The D40/D40x's small form factor works well for smaller hands. If it feels comfortable for you to reach all the controls, that is a good sign. The D70 and D80 have more features, but if it's too bulky, then you won't want to carry it. A camera not taken with you results in missed photo opportunities. My wife uses the D40 and has taken some excellent shots for personal and work purposes.
What kind of pictures are you planning to take? The D40/D40x offer a lot of good features that work well for people upgrading from point-and-shoots and ultrazooms.
1) Here is a list of AF-S lenses from the nikonusa.com website. I don't think that is a small selection. Most of these will cover a large number of situations.
AF-S DX Zoom-NIKKOR 12-24mm f/4G IF-ED
AF-S NIKKOR 14-24mm f/2.8G ED
AF-S Zoom-NIKKOR 17-35mm f/2.8D IF-ED
AF-S DX Zoom-NIKKOR 17-55mm f/2.8G IF-ED
AF-S DX Zoom-NIKKOR 18-55mm f/3.5-5.6G ED II
AF-S DX Zoom-NIKKOR 18-70mm f/3.5-4.5G IF-ED
AF-S DX Zoom-NIKKOR 18-135mm f/3.5-5.6G IF-ED
AF-S DX VR Zoom-NIKKOR 18-200mm f/3.5-5.6G IF-ED
AF-S NIKKOR 24-70mmf/2.8G ED
AF-S NIKKOR 24-85mm f/3.5-4.5G ED
AF-S VR Zoom-NIKKOR 24-120mm f/3.5-5.6G IF-ED
AF-S Zoom-NIKKOR 28-70mm f/2.8D IF-ED
AF-S DX Zoom-NIKKOR 55-200mm f/4-5.6G ED
AF-S DX VR Zoom-NIKKOR 55-200mm f/4-5.6G IF-ED
AF-S VR Zoom-NIKKOR 70-200mm f/2.8G IF-ED
AF-S VR Zoom-NIKKOR 70-300mm f/4.5-5.6G IF-ED
AF-S VR Micro-NIKKOR 105mm f/2.8G IF-ED
AF-S VR NIKKOR 200mm f/2G IF-ED
AF-S VR Zoom-NIKKOR 200-400mm f/4G IF-ED
AF-S NIKKOR 300mm f/4D IF-ED
AF-S VR NIKKOR 300mm f/2.8G IF-ED
AF-S NIKKOR 400mm f/2.8D IF-ED II
AF-S NIKKOR 400mm f/2.8G ED VR
AF-S NIKKOR 500mm f/4D IF-ED II
AF-S NIKKOR 500mm f/4G ED VR
AF-S NIKKOR 600mm f/4D IF-ED II
AF-S NIKKOR 600mmf/4G ED VR
You can use certain lenses without AF-S, but you will have to manually focus the lens.
Read here: http://www.kenrockwell.com/nikon/d40...erformance.htm
2) VR lenses do cost more than non-VR lenses. There is now an inexpensive Nikon 55-200mm VR lens: It's about $250 retail. The 70-300mm VR is about $500 and is a decent telephoto. The popular 18-200mm VR ($800) is a good walkaround lens. The 105mm Macro VR is good if you want to take close-up shots. For low-light photography, the VR lenses will help, but can't do everything. If you want to take action shots, you'll need to pay more for both lens and body, because the D40 isn't really good for that.
3) Megapixels are primarily important for printing. A 6MP image can still print to 8"x11" well.
|Oct 6, 2007, 4:38 AM||#5|
Join Date: Feb 2006
Have you thought about the Pentax K100D/K100D Super? Its smaller than the K10D so mighthandle better for you. Only 6Mp but that's the same as the Nikon D40, however it has in-camera shake reduction so you won't have to pay a fortune for image-stabilised lenses. In fact you can use any K-mount lens ever produced going back decades.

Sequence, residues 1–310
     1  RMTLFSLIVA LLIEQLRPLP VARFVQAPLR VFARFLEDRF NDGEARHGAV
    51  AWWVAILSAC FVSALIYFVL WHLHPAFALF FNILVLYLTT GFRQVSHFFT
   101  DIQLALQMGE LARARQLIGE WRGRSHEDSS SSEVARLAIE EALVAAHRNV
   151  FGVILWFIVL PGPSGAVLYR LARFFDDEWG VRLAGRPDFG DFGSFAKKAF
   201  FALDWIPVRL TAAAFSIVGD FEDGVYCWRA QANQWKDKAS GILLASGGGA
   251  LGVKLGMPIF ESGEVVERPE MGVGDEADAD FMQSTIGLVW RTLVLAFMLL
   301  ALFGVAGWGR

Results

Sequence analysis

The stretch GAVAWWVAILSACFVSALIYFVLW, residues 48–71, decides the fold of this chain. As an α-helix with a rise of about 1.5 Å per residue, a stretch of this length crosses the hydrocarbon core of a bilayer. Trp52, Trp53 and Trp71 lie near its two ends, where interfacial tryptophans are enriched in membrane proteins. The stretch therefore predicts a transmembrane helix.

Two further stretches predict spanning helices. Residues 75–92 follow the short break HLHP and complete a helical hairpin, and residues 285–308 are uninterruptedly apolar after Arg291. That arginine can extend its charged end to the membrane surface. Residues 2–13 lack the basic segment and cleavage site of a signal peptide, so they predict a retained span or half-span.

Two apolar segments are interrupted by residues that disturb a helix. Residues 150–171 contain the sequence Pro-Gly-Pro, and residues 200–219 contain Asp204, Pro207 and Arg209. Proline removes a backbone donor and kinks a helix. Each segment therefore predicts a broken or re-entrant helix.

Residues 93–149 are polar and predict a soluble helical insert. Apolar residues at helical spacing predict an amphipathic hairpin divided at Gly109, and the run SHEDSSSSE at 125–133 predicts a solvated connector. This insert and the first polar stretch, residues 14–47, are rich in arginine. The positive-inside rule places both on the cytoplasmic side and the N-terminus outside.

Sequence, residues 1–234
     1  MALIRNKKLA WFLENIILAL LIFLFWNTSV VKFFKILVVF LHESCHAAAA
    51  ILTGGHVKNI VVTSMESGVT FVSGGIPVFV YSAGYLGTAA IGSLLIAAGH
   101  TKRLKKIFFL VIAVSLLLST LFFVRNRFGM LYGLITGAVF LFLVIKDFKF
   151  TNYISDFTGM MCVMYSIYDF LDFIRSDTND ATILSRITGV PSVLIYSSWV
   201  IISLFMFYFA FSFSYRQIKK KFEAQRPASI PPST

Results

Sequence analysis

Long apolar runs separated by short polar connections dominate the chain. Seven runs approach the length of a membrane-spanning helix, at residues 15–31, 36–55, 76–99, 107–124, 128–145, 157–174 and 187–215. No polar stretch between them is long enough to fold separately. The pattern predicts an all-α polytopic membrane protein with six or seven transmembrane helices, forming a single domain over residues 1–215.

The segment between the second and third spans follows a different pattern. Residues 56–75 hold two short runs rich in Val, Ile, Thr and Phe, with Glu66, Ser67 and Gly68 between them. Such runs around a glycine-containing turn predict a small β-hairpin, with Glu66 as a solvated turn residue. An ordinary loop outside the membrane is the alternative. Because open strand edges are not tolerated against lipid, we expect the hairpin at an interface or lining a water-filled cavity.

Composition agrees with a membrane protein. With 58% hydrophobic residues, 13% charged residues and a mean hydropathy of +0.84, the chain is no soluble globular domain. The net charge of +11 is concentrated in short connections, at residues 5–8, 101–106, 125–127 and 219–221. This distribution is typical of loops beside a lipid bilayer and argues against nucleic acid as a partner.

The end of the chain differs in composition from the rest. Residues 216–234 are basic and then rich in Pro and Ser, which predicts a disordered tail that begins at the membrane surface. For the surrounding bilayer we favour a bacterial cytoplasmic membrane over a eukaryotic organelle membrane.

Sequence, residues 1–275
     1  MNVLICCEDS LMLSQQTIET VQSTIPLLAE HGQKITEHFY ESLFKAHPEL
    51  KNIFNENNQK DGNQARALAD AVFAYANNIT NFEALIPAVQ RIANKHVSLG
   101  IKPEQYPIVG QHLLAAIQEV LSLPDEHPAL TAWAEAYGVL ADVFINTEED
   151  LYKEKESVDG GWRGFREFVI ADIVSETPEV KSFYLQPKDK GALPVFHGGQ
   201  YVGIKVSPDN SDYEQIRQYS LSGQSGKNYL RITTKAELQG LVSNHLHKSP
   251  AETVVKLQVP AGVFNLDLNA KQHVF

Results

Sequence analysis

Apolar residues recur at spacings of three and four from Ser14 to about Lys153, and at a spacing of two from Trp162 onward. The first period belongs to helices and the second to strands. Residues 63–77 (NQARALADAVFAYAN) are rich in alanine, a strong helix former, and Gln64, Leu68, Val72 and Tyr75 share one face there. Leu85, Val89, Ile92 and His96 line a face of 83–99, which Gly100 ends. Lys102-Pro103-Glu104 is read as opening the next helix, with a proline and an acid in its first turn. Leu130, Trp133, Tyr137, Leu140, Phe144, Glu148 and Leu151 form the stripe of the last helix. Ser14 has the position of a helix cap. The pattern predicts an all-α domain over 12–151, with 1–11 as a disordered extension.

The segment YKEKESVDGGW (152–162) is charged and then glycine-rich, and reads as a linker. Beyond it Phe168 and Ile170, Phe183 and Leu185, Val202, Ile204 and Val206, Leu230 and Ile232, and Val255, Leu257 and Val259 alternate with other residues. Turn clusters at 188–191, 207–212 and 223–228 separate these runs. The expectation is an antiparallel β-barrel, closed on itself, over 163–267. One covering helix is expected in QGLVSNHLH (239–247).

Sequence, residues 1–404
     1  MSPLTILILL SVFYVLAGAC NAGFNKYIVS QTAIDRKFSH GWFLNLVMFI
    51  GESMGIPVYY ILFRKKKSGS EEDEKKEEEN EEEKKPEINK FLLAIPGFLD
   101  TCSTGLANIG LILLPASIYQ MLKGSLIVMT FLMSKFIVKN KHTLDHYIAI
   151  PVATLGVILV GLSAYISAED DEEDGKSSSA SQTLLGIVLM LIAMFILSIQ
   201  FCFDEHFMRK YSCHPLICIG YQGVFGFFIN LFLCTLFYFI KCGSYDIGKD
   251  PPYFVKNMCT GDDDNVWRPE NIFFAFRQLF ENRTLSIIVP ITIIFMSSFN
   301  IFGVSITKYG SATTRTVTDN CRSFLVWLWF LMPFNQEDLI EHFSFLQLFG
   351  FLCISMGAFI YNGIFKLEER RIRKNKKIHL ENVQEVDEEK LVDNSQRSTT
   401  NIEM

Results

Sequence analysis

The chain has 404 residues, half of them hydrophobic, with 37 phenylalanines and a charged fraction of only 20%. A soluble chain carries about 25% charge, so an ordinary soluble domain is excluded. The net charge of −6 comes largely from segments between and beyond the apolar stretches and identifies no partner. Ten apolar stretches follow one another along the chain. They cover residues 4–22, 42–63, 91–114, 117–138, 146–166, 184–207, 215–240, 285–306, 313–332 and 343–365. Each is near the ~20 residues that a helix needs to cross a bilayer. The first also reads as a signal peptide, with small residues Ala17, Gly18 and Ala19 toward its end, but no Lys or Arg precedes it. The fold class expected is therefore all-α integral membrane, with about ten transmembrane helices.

|Oct 7, 2007, 3:29 PM||#6|
Join Date: Jul 2005
The other posts have given a lot of good advice, and there are several "low cost" DSLRs which are not too large and easily beat digicams in low light. My personal choice was the D40 for its small size and low cost, but the Pentax K100D Super and Olympus 410 are also small and judged to be excellent cameras (as well as the venerable Canon Rebel/400D!).
People who shoot action sports usually need a higher end DSLR together with a fast long reach lens, so that increases the cost considerably. A camera such as the D40 could use the appropriate Nikon lens, but has inferior focusing and burst capabilities when compared to a higher cost DSLR.Apart from this aspect,the D40 is an excellent first DSLRfor a new user, and there is plenty of choice of lenses from Nikon and Sigma. My experience with low light photography (which is the main reason I purchased a DSLR), is that an add on flash is much easier to use and get great pictures with than a large aperture prime lens and natural lighting. The 50mm 1.8 is good fun and isolates subjects well, but narrow depth of field also gives limitations.
A major advantage of an add on flash is that you can angle the flash to bounce off a ceiling and enhance the natural light rather than overpowering the subject with direct light. So budget for add on flash with the DSLR is my advice!
For a light weight carry round solution, the D40/40X with the 18-135mm lens is small and still light, but the heavier 18-200mm VR is reckoned to be the best around.